How do I stop Apache2 from automatically starting on boot? I can't seem to find an option that disables the automatic start-up when I turn on the machine.

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    Perhaps someone can be more specific, but I can point you in the right direction... in /etc, there are directories for rc*.d, which contain all the start/stop scripts, called, I think, init scripts. You'll see links to scripts that are in /etc/init.d, and starting with either "k" or "s", for "kill" or "start", and a number which is the ordering. – Marty Fried Aug 1 '12 at 2:27
  • Yes, I knew about the /etc/rcX.d directories, but I searched for it to find out about some nicer tool, than just manually renaming files (life is too short). update-rc.d has filled this void. – Tomasz Gandor Sep 26 '14 at 8:53

Under the folder /etc/init.d/ you will find all the init scripts for different boot up services, like apache2, networking, etc.

Depending on which runlevel the computer starts in, different services are started. So from the /etc/init.d/ folder each "service" is linked to one/many/no run level folders named from rc0.d to rc6.d.

To keep things simple there is a tool for removing/adding these links, hence removing or adding scripts to and from start up.

To disable apache2 simply type:

sudo update-rc.d apache2 disable

This disables apache2 at startup but is not removed so it can be enabled again. To remove the apache2 startup scripts do the following:

To remove apache2 simply type:

sudo update-rc.d -f  apache2 remove

Doing this will cause all runlevel folders that are linked to apache2 to be removed.

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    chkconfig may also help - " chkconfig {service_name} off " – MCR Aug 1 '12 at 7:10
  • Doesn't work anymore: The script you are attempting to invoke has been converted to an Upstart job, but lsb-header is not supported for Upstart jobs. (...) – TomDogg Apr 29 '15 at 9:34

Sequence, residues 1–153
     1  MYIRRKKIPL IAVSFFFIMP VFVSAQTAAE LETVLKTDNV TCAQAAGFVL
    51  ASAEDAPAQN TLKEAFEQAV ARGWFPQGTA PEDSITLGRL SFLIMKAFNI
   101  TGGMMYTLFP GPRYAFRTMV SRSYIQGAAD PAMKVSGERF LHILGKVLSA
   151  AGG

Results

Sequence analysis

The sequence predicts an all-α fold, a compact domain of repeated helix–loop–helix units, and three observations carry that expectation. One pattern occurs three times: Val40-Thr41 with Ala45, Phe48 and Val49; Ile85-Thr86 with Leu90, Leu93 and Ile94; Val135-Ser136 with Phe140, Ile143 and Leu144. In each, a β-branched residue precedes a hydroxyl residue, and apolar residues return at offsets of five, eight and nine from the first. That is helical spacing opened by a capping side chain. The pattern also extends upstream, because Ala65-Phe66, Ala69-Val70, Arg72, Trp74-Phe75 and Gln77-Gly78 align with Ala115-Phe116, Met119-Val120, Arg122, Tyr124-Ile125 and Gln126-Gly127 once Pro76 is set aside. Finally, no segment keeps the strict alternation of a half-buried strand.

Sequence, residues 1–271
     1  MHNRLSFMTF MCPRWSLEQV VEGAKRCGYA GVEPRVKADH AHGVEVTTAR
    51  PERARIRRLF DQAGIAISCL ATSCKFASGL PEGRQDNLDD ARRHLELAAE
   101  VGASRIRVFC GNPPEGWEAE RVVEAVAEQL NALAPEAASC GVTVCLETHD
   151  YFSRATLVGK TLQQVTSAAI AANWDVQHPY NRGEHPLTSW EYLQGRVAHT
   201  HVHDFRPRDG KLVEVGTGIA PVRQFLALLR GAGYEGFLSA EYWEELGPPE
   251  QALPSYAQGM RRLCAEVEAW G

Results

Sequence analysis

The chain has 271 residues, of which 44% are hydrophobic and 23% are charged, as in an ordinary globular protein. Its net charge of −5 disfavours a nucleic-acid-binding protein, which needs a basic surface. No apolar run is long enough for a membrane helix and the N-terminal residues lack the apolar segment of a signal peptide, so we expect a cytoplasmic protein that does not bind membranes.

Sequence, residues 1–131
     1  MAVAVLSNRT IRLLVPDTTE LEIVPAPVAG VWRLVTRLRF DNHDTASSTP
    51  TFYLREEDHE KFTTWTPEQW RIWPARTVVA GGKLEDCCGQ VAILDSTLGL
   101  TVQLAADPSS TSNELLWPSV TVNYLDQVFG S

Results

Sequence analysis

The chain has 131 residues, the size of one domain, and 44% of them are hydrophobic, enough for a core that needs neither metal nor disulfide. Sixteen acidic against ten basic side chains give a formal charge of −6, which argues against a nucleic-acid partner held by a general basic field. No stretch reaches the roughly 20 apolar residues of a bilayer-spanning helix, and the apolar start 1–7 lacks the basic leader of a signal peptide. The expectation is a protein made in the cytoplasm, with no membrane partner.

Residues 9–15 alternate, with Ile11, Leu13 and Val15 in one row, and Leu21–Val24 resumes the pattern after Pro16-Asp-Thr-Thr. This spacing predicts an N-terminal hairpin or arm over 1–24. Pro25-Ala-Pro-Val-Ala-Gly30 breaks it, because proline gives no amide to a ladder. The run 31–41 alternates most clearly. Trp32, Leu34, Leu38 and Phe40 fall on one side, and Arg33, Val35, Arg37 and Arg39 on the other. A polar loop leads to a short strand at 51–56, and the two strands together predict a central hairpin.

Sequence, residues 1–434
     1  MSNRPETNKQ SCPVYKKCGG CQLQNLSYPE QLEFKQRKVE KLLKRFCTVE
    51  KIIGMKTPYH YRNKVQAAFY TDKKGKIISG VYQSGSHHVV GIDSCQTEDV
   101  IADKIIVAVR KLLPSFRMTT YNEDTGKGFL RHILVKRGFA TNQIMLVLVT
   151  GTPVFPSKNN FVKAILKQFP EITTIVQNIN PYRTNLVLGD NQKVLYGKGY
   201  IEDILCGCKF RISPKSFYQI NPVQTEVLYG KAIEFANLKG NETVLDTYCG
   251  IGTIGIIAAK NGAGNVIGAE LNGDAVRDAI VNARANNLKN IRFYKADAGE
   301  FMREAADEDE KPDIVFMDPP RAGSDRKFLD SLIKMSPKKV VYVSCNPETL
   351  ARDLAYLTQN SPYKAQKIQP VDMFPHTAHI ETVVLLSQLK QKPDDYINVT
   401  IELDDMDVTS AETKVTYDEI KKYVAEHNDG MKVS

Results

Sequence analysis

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    @TomDogg, can you specify the versions you were working with? This answer works for Apache 2 on Ubuntu 14.04.3 – Dale Anderson Nov 2 '15 at 20:20
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    How to restore the service? – Eugen Konkov Apr 14 '16 at 8:12
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    Warning! This will REMOVE the service! Use sudo update-rc.d apache2 disable. – Eduardo Cuomo Jan 17 '17 at 19:37

you could simply disable it by:

sudo update-rc.d apache2 disable

and then if you would like to enable it again:

sudo update-rc.d apache2 enable

depending on the project i am working on, it is handy to have the service conveniently available, if i wish to re-enable it.

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    enable gave me an error like runlevel arguments (none) do not match LSB Default-Start values, but sudo update-rc.d apache2 defaults appears to have re-enabled it successfully. – here Jan 13 '14 at 3:58
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    @here sudo update-rc.d apache2 enable played as expected for me – George Pligoropoulos Feb 9 '14 at 15:12
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    On Ubuntu Trusty it tells me "The disable|enable API is not stable and might change in the future." – Tanner Jun 10 '14 at 0:31
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    Doesn't work - error: no runlevel symlinks to modify, aborting!. However, apache2 is running and autostarts. – Daniel Kmak Dec 14 '14 at 11:05
  • Doesn't work anymore: update-rc.d: error: no runlevel symlinks to modify, aborting! – TomDogg Apr 29 '15 at 9:33

With systemd we can now use systemctl commands to prevent a service from automatically starting at boot.

here is an example:

sudo systemctl disable apache2

You will still be able to start and stop the service but it won't start up at boot.

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    Linux Mint is still based on Ubuntu 14.04. Ubuntu starts using systemd from 15.04 on. – twan163 Dec 6 '15 at 23:01
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    @dragonmnl as twan163 said, systemd is for the newer versions (debian jessie or equivalent +) – mchid Dec 8 '15 at 21:55
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    this worked great on Debian – Anupam Jul 19 '17 at 12:37
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    the right answer for debian 9+ – John Nov 24 '17 at 5:12
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    If encounter update-rc.d: error: no runlevel symlinks to modify, aborting!, recreate any below missing simlinks; then retry: /etc/rc0.d/K01<service> /etc/rc1.d/K01<service> /etc/rc2.d/S99<service> /etc/rc3.d/S99<service> /etc/rc4.d/S99<service> /etc/rc5.d/S99<service> /etc/rc6.d/K01<service> – Amil Waduwawara Aug 11 '18 at 2:26

Thought I'd just add to the answers by @gsullins and @tomodachi, for future readers who used the accepted answer.

If you've already used:

sudo update-rc.d apache2 remove

You can use the argument defaults to add apache2 back into the autostart

sudo update-rc.d apache2 defaults

Then you're able to enable/disable

sudo update-rc.d apache2 disable
sudo update-rc.d apache2 enable

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